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Closed Access item Lack of scientific evidence and precautionary principle in massive release of rodenticides threatens biodiversity: old lessons need new reflections
|Authors:||Pérez Olea, Pedro|
Sánchez-Barbudo, Inés S.
Purroy, Francisco J.
|Keywords:||Pesticides, Rodenticides, Side-effects, Precautionary principle, Rodent plague control, Wildlife, Spain|
|Publisher:||Cambridge University Press|
Foundation for Environmental Conservation
|Citation:||Environmental Conservation (2009), doi: 10.1017/S0376892909005323|
|Abstract:||Pesticides are widely used throughout the world to control agricultural pests (Berny 2007). Owing to their well identified side-effects on wildlife (see for example Newton et al. 2000; Brakes & Smith 2005), the release of high quantities of pesticides to the environment should always require responsible use of both science-based information and the precautionary principle (Mason & Littin 2003). However, decision making in wildlife management and conservation is not systematically supported by scientific evidence (Pullin & Knight 2005). This is particularly worrying when decision making involves release of toxic substances to the environment, as often occurs in rodent plague control. Here we describe how poorly-informed management decisions to control a rodent plague can adversely affect wildlife, especially when chemical-based treatments are generically designed and applied on a broad scale, and discuss the high economic cost of such campaigns. We urge the implementation of a more cost-effective evidence-based and environmentally sustainable management to control rodent plagues in Spain. Cases similar to those reported here occurred in the UK a century ago, and throughout Europe in the 1950s (Elton 1942; Chitty 1996). Although abundant scientific information has since been generated about vole cyclic population dynamics and rodent plague control techniques in the world, lessons have apparently not been learned.|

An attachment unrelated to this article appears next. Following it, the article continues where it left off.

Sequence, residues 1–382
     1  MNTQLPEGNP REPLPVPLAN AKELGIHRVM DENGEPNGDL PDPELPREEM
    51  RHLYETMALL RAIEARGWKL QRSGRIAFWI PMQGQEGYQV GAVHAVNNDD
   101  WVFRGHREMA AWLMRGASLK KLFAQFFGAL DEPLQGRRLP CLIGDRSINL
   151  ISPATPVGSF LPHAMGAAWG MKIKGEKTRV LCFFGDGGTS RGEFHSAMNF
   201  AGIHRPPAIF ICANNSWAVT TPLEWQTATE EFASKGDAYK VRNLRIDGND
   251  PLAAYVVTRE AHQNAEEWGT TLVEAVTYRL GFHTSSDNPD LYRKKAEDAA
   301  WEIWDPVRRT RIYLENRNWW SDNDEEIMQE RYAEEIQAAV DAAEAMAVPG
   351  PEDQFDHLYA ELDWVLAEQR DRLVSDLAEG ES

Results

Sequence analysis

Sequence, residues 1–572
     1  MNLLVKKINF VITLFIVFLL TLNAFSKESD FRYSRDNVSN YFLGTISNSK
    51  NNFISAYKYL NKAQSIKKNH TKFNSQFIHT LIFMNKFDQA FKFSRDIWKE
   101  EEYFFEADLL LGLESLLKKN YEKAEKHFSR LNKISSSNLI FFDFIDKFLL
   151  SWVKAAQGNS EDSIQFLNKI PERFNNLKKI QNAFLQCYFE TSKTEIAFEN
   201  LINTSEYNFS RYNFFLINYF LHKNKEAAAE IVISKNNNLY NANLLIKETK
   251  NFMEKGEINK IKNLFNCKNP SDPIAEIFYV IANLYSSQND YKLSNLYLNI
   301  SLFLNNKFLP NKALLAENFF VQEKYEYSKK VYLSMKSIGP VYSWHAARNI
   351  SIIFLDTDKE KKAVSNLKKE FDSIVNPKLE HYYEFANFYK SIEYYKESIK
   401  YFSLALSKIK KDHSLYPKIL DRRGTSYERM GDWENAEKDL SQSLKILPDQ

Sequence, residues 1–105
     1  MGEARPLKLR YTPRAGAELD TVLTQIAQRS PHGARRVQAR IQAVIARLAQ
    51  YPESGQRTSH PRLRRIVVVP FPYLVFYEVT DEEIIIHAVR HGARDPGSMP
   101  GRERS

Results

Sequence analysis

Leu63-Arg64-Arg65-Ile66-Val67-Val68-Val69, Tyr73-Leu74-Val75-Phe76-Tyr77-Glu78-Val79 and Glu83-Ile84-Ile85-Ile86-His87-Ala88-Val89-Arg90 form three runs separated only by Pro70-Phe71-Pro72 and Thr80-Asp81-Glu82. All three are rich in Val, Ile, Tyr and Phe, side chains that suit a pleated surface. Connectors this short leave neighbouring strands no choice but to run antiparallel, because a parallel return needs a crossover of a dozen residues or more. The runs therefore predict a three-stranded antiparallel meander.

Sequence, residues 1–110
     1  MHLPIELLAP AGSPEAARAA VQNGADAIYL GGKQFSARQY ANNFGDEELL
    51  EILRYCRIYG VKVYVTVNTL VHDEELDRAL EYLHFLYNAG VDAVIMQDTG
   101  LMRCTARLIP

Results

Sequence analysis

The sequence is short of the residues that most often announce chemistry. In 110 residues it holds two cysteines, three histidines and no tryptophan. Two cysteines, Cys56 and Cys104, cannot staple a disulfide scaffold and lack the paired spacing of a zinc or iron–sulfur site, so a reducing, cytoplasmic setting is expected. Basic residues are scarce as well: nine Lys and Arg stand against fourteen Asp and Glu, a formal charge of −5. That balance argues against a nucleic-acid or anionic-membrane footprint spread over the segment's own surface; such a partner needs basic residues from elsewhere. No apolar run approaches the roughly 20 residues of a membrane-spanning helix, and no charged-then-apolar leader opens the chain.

|Description:||4 pages, 1 figure, 1 table.-- Article in press.|
|Publisher version (URL):||http://dx.doi.org/10.1017/S0376892909005323|
|Appears in Collections:||(IREC) Artículos|
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